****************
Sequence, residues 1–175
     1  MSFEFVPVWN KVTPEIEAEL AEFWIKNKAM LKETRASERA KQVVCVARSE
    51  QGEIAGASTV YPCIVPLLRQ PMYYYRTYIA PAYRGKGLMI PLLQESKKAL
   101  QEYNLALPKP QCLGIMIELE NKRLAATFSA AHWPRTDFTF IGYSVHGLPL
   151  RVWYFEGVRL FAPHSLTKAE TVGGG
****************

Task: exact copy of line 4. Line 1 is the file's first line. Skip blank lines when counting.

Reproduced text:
   101  QEYNLALPKP QCLGIMIELE NKRLAATFSA AHWPRTDFTF IGYSVHGLPL